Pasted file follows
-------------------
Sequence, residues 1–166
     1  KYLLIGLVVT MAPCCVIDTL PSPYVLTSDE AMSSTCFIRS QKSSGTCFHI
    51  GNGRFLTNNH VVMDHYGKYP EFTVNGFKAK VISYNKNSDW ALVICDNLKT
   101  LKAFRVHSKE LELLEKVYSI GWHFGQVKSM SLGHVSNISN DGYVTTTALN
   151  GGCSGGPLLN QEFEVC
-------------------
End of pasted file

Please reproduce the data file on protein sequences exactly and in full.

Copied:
Sequence, residues 1–166
     1  KYLLIGLVVT MAPCCVIDTL PSPYVLTSDE AMSSTCFIRS QKSSGTCFHI
    51  GNGRFLTNNH VVMDHYGKYP EFTVNGFKAK VISYNKNSDW ALVICDNLKT
   101  LKAFRVHSKE LELLEKVYSI GWHFGQVKSM SLGHVSNISN DGYVTTTALN
   151  GGCSGGPLLN QEFEVC